Ombudsman for Children: Children should be more involved in organisation of local life

The Chancellor of Justice as Ombudsman for Children in Estonia has called on candidates in the local government elections to pay more attention to the needs, requests and opinions of children and young people. Discussions held with schoolchildren by advisers to the Chancellor of Justice as Ombudsman for Children indicated that the children are eager to have a say in the organisation of local life.

Local government council elections will be held in Estonia in October. People aged 18 and over are permitted to vote in the elections, while younger people don’t have the right to. Head of the Children’s Rights Department of the Office of the Chancellor of Justice Andres Aru said that every candidate should think about how children and young people – who comprise almost a fifth of the Estonian population – could participate and have a say in the organisation of local life as members of the community and society. “Children and young people with different opportunities and needs live in every community, and they’re ready to share their thoughts about how to improve the organisation of local life,” Aru explained. He said that adults should involve children more in issues that concern local life, because children have a lot of enthusiasm and initiative and, after all, are the best experts when it comes to the needs of children and young people. Aru also pointed out that the Convention on the Rights of the Child, which Estonia has joined, states that the opinion of children and young people must be heard.

The duty of the Ombudsman for Children as the advocate for the rights of children and the supervisor of the performance of the Convention on the Rights of the Child is to help children initiate discussion of subjects in society that are important to them. The Head of the Children’s Rights Department of the Office of the Chancellor of Justice also said that the advisers to the Ombudsman for Children met with schoolchildren nationwide to map their thoughts and expectations on issues concerning the organisation of local life. These topics were also discussed with members of the Advisory Committee to the Ombudsman for Children, who represent various children’s and youth organisations, and members of the Estonian Scout Association also contributed to the organisation of discussions.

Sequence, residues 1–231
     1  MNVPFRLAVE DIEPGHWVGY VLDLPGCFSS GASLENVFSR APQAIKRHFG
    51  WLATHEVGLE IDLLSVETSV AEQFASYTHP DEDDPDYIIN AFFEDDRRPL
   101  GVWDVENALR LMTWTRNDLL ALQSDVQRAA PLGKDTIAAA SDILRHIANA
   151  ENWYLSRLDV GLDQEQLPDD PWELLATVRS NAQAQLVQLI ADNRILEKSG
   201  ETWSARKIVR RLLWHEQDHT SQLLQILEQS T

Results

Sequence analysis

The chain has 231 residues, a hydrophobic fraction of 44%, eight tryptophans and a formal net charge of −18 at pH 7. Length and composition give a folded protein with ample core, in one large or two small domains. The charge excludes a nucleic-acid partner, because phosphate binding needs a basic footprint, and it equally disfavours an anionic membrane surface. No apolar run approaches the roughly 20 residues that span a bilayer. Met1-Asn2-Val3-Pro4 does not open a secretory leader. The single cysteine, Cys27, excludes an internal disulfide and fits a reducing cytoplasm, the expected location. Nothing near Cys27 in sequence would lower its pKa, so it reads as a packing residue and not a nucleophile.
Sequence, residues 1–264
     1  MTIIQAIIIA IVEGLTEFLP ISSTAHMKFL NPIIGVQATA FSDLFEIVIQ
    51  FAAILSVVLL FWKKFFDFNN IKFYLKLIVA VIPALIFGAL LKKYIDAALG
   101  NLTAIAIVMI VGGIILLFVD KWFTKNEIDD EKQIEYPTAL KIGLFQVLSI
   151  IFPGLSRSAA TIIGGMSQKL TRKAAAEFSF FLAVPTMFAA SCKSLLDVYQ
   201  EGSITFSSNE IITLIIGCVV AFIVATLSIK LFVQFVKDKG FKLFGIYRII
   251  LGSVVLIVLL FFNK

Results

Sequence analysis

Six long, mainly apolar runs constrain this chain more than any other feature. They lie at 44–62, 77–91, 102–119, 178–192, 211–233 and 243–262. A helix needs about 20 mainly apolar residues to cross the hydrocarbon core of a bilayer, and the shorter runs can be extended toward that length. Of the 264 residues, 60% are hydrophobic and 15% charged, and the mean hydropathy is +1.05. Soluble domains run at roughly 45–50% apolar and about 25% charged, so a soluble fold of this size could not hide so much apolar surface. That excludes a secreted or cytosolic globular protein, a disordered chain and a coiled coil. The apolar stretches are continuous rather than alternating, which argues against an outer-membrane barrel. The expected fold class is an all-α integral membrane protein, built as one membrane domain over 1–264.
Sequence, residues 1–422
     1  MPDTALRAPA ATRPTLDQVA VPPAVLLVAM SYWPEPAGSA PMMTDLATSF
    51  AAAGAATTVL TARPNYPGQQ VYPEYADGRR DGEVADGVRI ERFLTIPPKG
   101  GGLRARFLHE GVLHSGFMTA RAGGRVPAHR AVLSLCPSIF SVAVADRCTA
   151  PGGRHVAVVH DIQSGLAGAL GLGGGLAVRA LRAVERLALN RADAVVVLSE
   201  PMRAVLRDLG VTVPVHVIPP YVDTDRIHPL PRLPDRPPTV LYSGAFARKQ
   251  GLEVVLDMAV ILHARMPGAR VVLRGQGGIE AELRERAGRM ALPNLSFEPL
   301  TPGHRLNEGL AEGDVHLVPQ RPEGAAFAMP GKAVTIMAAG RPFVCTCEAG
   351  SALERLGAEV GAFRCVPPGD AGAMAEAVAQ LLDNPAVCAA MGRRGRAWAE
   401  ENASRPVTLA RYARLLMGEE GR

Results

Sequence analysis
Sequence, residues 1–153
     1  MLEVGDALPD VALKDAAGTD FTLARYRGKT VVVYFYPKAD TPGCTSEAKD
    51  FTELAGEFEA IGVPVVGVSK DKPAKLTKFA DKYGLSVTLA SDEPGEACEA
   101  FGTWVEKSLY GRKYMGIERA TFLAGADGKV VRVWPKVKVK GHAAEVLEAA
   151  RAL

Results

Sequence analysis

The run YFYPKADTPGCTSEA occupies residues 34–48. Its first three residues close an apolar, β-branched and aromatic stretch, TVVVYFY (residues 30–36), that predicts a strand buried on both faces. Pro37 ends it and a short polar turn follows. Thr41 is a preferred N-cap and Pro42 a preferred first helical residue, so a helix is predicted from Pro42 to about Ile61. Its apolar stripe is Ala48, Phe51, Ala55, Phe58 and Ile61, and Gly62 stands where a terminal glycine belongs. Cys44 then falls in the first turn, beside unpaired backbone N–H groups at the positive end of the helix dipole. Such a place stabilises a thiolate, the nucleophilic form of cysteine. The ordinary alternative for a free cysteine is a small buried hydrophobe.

Aru said that the discussions with schoolchildren revealed a range of opinions and requests which representatives of local government should consider where possible. “For example, children would like there to be a place for every child at the kindergarten or school that is nearest to their home, that they all have the necessary school supplies and that every child gets a free hot meal at school,” he said. He added that the schoolchildren also pointed out that local governments as the managers of schools should make sure that the school environment is safe for children, that nobody gets bullied and that school premises are safe, warm and child-friendly. He also added that many children would appreciate a broader choice of hobby clubs and recreational opportunities, and they also highlighted several problems related to public transport (e.g. timetables do not consider school hours or the times of hobby clubs or cultural events held in the evening). “The most important things for children, however, are their family and home, and it’s therefore important that the local community supports struggling parents, because by supporting them the local government also directly supports children,” Aru explained.